Beans & Rice for the Soul

teaching, learning and living around the world

Coloring Books Just Won’t Do.

I know that it’s only Day 5 of studying and observing- so I’ve tried to focus on positives. But I want to spend this post expressing my serious concern with IICBs… which seem to be a very popular donation for the Tungane School.

In college, it was always irritating when I moved into a new apartment and found lots of random junk all over the house.  Why do people leave their old junk? Why would I want this?  And after sharing this frustration with several friends, a few of them said, “Sometimes when I move out, I don’t want to take certain things with me but I don’t want to throw them away either… so I figure that the next person who comes along might want it!”  But ten times out of ten I’m sure the new person does not in fact want it and throws it away. Why doesn’t the new person want the old gum ball machine, or the Janet Jackson poster, or the purple captain’s chair? First- because they have no meaning to the new person. They’re irrelevant.  Second- chances are the gum balls are stale, the poster is outdated and the chair is half broken. So there are two factors here: irrelevance and ineffectiveness.

So what are IICBs? They are Irrelevant and Ineffective Coloring Books.  I know that I am not an early childhood specialist- my training was in secondary education.  Therefore, I am not an expert in early childhood resources. Additionally, my friend Colleen advised me to “Be gentle with donors,” which I think is generally great advice. So this rant stems from my gut and is far from gentle.

Can someone please explain to me what a Swahili and French speaking student will learn from coloring in outlines of Western style houses? North American forests? Buildings Labeled Town Hall? With a whole book’s themes being “Autumn!” Not only are the pictures completely irrelevant, but what are they supposed to learn from coloring them in?!! Nothing. Nothing nothing nothing nothing. Zero. Why would we want to use these? All they do is waste time.  And no, the kids do not need them to have a good time. And they don’t need your CANDY either!!!! They have plenty of games and shananigans of their own to spark smiles and laughter and have fun. They do not in fact need crappy outlines of John and Mary in Autumn playing hopscotch. Or lollipops.

I tried for a few minutes to justify it all by saying, maybe coloring is a good way to learn fine motor skills… but then again the children that these coloring books are FOR already KNOW how to hold a freakin PENCIL.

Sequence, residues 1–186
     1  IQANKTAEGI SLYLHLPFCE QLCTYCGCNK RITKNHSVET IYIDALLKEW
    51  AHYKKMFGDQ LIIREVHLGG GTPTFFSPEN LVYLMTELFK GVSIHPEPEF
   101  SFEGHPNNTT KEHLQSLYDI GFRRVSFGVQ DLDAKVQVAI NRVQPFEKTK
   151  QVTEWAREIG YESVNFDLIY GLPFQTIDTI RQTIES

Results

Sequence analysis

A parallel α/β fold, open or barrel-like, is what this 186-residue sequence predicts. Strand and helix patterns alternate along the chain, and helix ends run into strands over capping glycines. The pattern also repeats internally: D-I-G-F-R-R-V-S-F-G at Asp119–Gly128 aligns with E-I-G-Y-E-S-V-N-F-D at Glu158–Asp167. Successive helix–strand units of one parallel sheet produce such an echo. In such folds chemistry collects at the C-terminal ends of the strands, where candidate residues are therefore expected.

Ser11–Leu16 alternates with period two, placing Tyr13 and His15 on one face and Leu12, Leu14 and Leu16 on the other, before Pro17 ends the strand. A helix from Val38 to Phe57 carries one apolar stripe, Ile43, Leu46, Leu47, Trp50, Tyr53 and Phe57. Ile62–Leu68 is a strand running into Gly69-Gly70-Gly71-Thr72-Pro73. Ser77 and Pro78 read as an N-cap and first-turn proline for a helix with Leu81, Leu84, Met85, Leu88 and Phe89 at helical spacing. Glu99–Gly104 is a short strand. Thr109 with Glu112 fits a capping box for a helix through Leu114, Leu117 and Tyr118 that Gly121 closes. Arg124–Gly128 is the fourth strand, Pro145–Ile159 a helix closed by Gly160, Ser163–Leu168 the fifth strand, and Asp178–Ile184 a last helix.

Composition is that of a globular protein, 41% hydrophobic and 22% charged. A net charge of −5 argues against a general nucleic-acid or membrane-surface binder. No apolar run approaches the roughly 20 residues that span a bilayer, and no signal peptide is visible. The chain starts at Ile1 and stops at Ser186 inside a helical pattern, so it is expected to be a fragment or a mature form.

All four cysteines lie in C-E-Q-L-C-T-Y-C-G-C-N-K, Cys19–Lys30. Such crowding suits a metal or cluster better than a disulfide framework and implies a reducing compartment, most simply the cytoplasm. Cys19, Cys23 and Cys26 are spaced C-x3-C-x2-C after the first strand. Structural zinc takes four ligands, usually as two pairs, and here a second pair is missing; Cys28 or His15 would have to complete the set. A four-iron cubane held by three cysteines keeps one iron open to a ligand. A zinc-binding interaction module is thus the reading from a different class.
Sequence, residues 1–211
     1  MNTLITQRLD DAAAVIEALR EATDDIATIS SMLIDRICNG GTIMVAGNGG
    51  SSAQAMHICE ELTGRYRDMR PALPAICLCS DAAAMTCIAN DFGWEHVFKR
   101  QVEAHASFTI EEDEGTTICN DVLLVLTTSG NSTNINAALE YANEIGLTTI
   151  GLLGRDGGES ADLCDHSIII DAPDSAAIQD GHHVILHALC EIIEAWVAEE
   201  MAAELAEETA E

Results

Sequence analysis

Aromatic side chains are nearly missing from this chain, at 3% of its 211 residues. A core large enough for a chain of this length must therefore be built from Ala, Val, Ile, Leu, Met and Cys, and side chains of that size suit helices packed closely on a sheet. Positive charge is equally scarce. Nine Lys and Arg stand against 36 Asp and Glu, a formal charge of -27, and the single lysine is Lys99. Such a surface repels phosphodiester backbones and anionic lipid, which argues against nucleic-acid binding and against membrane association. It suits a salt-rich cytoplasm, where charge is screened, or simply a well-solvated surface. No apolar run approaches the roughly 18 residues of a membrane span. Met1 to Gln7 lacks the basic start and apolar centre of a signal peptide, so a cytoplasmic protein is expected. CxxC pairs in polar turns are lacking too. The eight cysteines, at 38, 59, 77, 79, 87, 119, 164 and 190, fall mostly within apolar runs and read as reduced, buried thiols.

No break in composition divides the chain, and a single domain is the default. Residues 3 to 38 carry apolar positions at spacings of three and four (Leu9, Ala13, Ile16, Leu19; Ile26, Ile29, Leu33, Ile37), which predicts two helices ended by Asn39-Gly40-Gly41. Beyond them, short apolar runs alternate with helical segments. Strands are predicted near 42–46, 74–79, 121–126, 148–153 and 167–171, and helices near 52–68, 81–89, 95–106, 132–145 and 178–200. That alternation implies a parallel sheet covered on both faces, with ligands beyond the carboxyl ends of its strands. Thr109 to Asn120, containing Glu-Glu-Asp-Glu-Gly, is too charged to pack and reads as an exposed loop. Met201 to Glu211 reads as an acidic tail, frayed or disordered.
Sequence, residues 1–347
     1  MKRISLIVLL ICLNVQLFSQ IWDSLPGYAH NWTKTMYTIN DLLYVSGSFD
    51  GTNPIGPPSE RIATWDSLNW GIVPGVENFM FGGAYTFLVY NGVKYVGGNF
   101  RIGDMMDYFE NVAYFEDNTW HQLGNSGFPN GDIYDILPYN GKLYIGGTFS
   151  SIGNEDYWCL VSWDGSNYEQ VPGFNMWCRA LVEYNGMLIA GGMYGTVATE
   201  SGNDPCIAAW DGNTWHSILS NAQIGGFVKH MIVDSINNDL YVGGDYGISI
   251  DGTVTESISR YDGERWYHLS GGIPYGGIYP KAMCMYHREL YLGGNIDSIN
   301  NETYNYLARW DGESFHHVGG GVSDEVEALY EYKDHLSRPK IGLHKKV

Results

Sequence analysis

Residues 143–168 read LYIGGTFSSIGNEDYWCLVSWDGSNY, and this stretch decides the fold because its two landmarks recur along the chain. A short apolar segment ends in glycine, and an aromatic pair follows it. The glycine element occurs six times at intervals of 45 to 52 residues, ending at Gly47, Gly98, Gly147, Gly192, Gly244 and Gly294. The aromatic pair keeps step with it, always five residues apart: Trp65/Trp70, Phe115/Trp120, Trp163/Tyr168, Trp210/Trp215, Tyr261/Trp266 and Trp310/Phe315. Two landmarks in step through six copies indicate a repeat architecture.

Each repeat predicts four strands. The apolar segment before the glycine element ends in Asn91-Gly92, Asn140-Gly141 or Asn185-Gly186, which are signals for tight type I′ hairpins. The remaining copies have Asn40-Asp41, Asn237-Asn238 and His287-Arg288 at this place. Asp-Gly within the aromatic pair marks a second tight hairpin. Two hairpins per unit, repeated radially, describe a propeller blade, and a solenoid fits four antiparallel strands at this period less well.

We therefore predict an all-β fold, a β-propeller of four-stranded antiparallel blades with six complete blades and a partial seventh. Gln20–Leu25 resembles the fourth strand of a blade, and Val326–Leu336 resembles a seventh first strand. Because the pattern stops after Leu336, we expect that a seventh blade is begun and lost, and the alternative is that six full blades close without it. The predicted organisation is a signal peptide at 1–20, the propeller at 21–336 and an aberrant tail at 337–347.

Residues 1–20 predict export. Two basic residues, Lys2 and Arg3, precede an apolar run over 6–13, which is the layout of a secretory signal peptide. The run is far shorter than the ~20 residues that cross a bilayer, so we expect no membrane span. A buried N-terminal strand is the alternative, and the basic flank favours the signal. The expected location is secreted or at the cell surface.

This is all equally as outrageous as someone from China visiting some inner city school in Detroit and giving them coloring books of culturally Chinese things, labeled in Chinese. The American teachers would say, “What the hell are we going to do with this?”

Maybe I’ll learn how to say “What the hell are we going to do with this?” in Swahili so I can EXPRESS myself to well-intentioned western donors without them understanding. Hmmf.

So, if you’ve ever considered donating coloring books to a school abroad, please take the time to consider- will this be relevant to their lives? will this be effective as a learning tool? And if either answer is no, please figure out a more sensible way to “help schools in Africa.” The coloring books just won’t do.


5 comments on “Coloring Books Just Won’t Do.

  1. Mom
    August 21, 2010

    Hey now, that is not too positive – i get what you’re saying. Don’t send western stuff. But i guess one could think they might learn about the western world, and what autumn is, and why people in some places have town halls, assuming someone explains it to them (i guess that’s where you would come in handy). And they learn about colors, for example red and yellow mixed together make orange etc.

    It would be fun to hear about what their games and shinnanigans are that spark smiles and laughter! Haha

  2. Monique
    August 21, 2010

    So what could school kids use in Congo?

    I keep hearing that only the teachers have text books, and they spend most of class time transcribing the text on the chalkboard so that students can then transcribe into their cahiers. This is sort of a giant waste of time, no?

    I get that full-color, hard-bound textbooks are expensive and that it’s hard to find curriculum written by Congolese teachers. But there’s gotta be a cheap(ish) market-driven way to get Swahili & French curriculum into the hands of school kids.

    Would love to hear your thoughts on proposed solutions.

  3. Michelle DeJardine
    August 23, 2010

    When you get more familiar with that school and what you feel kids do need in their classrooms in DRC (i am sure it varies from different areas in DRC) please let us all know…